This will be my first year to *cough* try *cough, cough* growing ghost peppers. I am limited on space for my vegetable garden & want to grow these outside in containers. How large of a pot is nessecary?
Many people will tell you 5 gal is plenty, but I have a longer growing season than many. I find 10-12 to be much more productive.
This post was edited by woohooman on Thu, Mar 13, 14 at 21:14
Bigger the pot, more production. Keep it fed well, and drip irrigated 'cause pots dry out quickly in full sun.
My ghost got about 4' tall last year (in the earth), so they can get pretty big. I'd go with 10 gal.
Personally, I would limit it to 5 gal. The doubling of container and soil will not double the output of the plant. Not even close. You might wind up with a 3' tall plant instead of a 3.5' tall plant. Or you might even wind up with a 3.5' plant any way. I had a 6 foot tall Orange Tree Hab growing in a 5 gallon bucket last year.
Here is a photo of a Blue Mystery that I grew last year as well. You can see the silver 4 foot straight edge behind it. It is over 4 foot and it grew for another month after that before I pulled it for the year. Grow two Ghost Peppers in 5 gallon buckets instead of one in a 10 gallon bucket. you will likely wind up with nearly twice the peppers. And if you want to move the plant from one place to another, you don't need a fork lift.
Thanks everyone. I have tons of 5 gal pots. I was thinking that they would be suitable, but I wanted to check with the experts ;) I'm thankful that the consensus is 5 gal. I'm a tiny little thing so moving things around can be difficult sometimes.
haha, yah, when you have a 4 foot tall plant in a 5 gal bucket with soil, even that can be pretty cumbersome.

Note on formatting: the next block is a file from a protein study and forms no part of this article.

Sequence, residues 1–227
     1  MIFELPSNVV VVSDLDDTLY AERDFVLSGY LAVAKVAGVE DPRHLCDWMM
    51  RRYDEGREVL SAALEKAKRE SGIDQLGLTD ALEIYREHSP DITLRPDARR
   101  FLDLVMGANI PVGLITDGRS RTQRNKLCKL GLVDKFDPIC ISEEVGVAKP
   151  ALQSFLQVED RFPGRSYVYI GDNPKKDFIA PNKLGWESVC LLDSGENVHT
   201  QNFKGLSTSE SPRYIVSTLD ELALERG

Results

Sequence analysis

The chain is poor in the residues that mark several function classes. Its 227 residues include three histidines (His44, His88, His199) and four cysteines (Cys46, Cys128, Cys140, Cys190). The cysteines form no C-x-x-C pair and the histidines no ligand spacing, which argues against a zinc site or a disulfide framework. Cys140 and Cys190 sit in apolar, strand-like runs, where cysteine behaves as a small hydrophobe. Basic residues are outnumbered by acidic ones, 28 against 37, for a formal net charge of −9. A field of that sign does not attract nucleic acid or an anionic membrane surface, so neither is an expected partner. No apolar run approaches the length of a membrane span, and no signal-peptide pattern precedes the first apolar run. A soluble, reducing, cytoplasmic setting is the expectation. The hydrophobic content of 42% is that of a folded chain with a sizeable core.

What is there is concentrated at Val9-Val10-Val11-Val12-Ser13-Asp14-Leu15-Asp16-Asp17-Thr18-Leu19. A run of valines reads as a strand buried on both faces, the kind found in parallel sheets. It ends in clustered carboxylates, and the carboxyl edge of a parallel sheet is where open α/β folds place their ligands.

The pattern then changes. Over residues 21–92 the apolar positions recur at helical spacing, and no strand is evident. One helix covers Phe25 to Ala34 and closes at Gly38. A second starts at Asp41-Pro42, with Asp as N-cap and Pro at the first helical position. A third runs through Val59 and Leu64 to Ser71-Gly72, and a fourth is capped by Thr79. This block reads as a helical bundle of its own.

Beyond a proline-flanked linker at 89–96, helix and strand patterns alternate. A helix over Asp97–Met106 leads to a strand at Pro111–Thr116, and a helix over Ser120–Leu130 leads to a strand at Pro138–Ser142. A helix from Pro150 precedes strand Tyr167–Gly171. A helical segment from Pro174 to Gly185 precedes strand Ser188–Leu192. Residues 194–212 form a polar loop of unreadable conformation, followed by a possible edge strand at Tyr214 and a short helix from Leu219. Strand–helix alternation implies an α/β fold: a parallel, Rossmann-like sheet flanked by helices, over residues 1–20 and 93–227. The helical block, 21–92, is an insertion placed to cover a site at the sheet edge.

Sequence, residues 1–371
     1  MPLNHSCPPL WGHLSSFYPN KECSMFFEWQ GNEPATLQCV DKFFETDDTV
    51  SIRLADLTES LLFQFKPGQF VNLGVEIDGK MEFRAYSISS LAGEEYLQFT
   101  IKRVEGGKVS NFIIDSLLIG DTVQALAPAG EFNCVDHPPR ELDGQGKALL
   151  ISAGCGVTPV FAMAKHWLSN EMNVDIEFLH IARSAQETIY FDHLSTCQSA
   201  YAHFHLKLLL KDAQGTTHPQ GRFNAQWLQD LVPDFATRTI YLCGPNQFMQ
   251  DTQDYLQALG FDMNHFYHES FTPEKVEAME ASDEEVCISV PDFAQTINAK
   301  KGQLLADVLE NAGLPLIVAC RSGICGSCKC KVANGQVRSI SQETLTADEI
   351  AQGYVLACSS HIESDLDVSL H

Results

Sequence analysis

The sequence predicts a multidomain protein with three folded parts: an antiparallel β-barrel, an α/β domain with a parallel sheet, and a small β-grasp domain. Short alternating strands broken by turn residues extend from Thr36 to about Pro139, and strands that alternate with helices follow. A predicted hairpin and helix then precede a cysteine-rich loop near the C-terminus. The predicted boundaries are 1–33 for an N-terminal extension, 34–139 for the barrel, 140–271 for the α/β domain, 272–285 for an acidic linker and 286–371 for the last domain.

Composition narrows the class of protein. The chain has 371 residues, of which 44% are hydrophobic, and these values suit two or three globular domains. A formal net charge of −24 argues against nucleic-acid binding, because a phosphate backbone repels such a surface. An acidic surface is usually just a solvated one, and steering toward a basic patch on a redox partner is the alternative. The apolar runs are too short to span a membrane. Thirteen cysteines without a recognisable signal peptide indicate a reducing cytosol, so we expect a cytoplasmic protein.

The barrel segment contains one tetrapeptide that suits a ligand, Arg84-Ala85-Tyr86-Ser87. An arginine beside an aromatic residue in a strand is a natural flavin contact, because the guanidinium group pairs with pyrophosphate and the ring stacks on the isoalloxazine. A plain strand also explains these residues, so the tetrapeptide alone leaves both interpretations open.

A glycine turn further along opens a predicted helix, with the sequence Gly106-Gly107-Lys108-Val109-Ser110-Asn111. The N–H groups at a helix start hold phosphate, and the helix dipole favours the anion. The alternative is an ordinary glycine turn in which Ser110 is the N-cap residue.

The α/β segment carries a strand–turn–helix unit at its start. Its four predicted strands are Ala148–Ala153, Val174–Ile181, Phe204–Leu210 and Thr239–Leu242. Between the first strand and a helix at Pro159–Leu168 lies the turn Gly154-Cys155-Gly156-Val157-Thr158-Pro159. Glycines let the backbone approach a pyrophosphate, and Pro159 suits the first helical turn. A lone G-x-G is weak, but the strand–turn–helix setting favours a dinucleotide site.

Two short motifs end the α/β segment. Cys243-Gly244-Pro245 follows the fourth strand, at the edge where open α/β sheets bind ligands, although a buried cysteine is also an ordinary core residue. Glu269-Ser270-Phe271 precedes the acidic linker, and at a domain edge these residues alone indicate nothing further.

Hint: Wait until the plant is dry and needs watering, then move it. That there water stuff is heavy!
I am going to pot all my pepper plants in pots, ranging in size from 2 to 5 gallon. I also have lots of fabric shopping bags to use. Of course most of my pepps are on the mild side, HABANERO being the hottest.
When you provide lots of root space, the greedy plants will try to grow lots of roots and then lots of foliage first before getting into the business of producing fruits. Given a long , warm, sunny season that might be fine. But with short season I want them to hurry it up : NO MORE ROOM FOR ROOTS guys and NO MORE FEEDING . Fruit or bust. hahaha.
So are you saying its better to keep them in the smaller pots. I have 40 plus seedlings that will eventually be potted up and placed outside for the season in the next couple weeks. I have pots ranging from 1 gal to 20 gal. Any suggestions on which plants produce better vs pot size. For example should I keep the sweets and milds in the smaller pots and put the hots and super hots into larger pots. Or vise versa. I know for sure now that Im going to keep the max size to 5 gal now but was just curious. Will keep my bigger pots for my tomatoes. Last year my peppers produced til early October and I just purchased starts from Lowes and planted in June so I can have a fairly long season with the early start now. This is my first season from seed.
Generally, I would say the hotter peppers go in the bigger containers. If you get on some of the Pepper web sites, that list characteristics of different peppers, they will tell you how big you can expect certain varieties to get and go from there, but generally, I would put my super hots in the bigger containers.
Some of those varieties of tomatoes can get huge and they probably would like some bigger pots but I am not real knowledgeable there.
This web site shows plant height/width for many pepper types (about 2/3 of the way down the page). Seems to me like the bigger plants should go in the bigger pots.
Here is a link that might be useful: Pepper growing tips